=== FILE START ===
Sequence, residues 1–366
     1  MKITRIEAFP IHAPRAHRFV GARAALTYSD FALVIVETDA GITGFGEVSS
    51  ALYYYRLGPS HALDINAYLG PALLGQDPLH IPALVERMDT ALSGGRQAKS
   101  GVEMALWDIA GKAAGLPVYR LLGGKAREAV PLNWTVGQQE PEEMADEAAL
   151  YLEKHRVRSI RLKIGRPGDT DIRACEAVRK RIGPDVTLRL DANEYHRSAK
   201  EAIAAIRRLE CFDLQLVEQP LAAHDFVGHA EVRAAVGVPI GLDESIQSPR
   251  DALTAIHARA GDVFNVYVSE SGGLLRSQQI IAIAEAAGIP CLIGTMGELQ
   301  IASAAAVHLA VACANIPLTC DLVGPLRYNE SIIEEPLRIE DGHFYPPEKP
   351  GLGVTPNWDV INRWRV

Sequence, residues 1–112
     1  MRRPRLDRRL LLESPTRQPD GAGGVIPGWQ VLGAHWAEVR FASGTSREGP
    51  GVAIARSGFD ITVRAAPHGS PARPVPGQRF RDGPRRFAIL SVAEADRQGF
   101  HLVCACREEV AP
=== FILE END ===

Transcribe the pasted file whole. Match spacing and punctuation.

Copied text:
Sequence, residues 1–366
     1  MKITRIEAFP IHAPRAHRFV GARAALTYSD FALVIVETDA GITGFGEVSS
    51  ALYYYRLGPS HALDINAYLG PALLGQDPLH IPALVERMDT ALSGGRQAKS
   101  GVEMALWDIA GKAAGLPVYR LLGGKAREAV PLNWTVGQQE PEEMADEAAL
   151  YLEKHRVRSI RLKIGRPGDT DIRACEAVRK RIGPDVTLRL DANEYHRSAK
   201  EAIAAIRRLE CFDLQLVEQP LAAHDFVGHA EVRAAVGVPI GLDESIQSPR
   251  DALTAIHARA GDVFNVYVSE SGGLLRSQQI IAIAEAAGIP CLIGTMGELQ
   301  IASAAAVHLA VACANIPLTC DLVGPLRYNE SIIEEPLRIE DGHFYPPEKP
   351  GLGVTPNWDV INRWRV

Sequence, residues 1–112
     1  MRRPRLDRRL LLESPTRQPD GAGGVIPGWQ VLGAHWAEVR FASGTSREGP
    51  GVAIARSGFD ITVRAAPHGS PARPVPGQRF RDGPRRFAIL SVAEADRQGF
   101  HLVCACREEV AP